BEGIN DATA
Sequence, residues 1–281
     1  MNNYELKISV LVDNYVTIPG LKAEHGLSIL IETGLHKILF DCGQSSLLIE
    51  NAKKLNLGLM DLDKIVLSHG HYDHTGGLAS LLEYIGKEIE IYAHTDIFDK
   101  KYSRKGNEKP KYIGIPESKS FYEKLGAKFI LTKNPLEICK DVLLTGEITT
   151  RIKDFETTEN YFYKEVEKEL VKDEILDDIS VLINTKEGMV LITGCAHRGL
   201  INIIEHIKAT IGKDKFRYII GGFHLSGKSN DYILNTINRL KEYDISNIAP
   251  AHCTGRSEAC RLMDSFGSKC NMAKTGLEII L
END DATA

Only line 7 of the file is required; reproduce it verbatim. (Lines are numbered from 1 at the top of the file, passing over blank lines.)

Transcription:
   251  AHCTGRSEAC RLMDSFGSKC NMAKTGLEII L